A Question of Authenticity

A collection of quotations about actors and acting

All the reliable recoverable early-baroque evidence in the world will not produce the equivalent of a home-movie of the premiere miraculously shot by the composer and as miraculously preserved. [Roger Savage, 1989]

An Actor: I must frankly confess that at the tale of pity my eyes are filled with tears, and when I speak of horrors, my hair stands on end and my heart throbs... I look down upon (the spectators) from the stage, and behold the various emotions of pity, wonder, sternness, stamped upon their countenances when I am speaking.

Socrates: Do you know that the spectator is the last of the rings which receive the power of the original magnet from one another?...the actor is an intermediate link, and the poet himself is the first of them. Through all these the God sways the souls of men in any direction he pleases...for not by art or knowledge about Homer do you say what you say, but by divine inspiration and by possession. [Plato: Ion]

(On Comedy) The whole dialogue must seem like a familiar talk, wholly improvised. [Leone di Somi, 1565]

(On Tragedy) The use of Greek masks in the theatre is not recommended nowadays, since they do not allow the spectator to observe the changes of expression that vary according to the different moods. The only goal is to move the soul of the spectator. [Ingegneri 1585]

(On Opera) The singer should sing with emotion, both soft and loud, without ornamentation, to express the words so well that they may be understood, and accompany them with gestures and motions not only of the hands but moving the feet as well, which all helps to affect the spectator. [Giudotti, 1600]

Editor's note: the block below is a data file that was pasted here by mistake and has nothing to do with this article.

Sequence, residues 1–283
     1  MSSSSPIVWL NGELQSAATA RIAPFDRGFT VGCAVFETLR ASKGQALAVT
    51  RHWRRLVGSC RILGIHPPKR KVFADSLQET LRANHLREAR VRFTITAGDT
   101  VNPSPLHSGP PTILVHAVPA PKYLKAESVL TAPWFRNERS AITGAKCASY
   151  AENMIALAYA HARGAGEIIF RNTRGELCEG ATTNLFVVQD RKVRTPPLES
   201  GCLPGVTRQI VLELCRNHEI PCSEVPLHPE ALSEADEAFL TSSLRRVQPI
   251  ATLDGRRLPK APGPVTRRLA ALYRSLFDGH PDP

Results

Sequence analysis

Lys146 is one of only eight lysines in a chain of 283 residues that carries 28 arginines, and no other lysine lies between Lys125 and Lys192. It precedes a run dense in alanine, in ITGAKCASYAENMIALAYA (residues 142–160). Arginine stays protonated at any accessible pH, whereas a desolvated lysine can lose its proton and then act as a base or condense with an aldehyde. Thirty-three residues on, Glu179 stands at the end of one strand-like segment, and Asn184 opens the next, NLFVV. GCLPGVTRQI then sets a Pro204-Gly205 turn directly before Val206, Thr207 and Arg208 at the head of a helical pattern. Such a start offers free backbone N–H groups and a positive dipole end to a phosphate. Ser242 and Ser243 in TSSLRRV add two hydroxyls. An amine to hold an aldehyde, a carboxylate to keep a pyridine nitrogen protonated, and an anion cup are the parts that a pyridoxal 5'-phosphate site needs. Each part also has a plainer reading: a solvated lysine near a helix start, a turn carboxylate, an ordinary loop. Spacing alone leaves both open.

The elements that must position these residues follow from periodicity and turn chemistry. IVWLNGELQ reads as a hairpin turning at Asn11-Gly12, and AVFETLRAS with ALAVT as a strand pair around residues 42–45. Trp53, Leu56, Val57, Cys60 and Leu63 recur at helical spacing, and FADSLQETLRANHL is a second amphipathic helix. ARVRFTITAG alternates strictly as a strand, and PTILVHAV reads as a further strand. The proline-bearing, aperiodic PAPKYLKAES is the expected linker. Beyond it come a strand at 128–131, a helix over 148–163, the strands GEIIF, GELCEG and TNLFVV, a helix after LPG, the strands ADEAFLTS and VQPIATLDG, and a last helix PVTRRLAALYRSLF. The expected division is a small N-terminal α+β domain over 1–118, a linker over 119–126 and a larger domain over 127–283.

While singing, one should not always stay fixed at the centre, but be now here, now there - in a natural way, though also in good order - particularly if one is followed or supported by other performers. (Il Corago c.1630)

To be a good actor-singer, one should above all be a good speaking actor...[Ibid]

The first intent of all playing is to affect and move the audience [John Hill mid 18th cent]

Madame de Rochois to a would be actress: “What would you do if you were abandoned by a lover that you adored passionately?”

Student: “Take another.”

Madame de Rochois: “In that case, we are both wasting our time.” (Lully’s prima donna, late 17th cent.]

Endeavour to imagine that you are what you represent. [Moliere to his actors, 1663]

The actor must transform himself into every person he represents, since he is to act all sorts of actions and passions. [Betterton, late 17th cent]

(Of rhetorical gesture) ...well known to the Frequenters of the Theatres...but that if any Stranger or Foreigner had been there it would have been nothing but an unintelligible Gesticulation, whereas if these actions and gestures were drawn from Natural Significancy, they must be intelligible to all Nations, even to Barbarians who never saw them before, as the Roman Pantomime was perfectly comprehensible to Barbarians. [Betterton, late 17th cent.]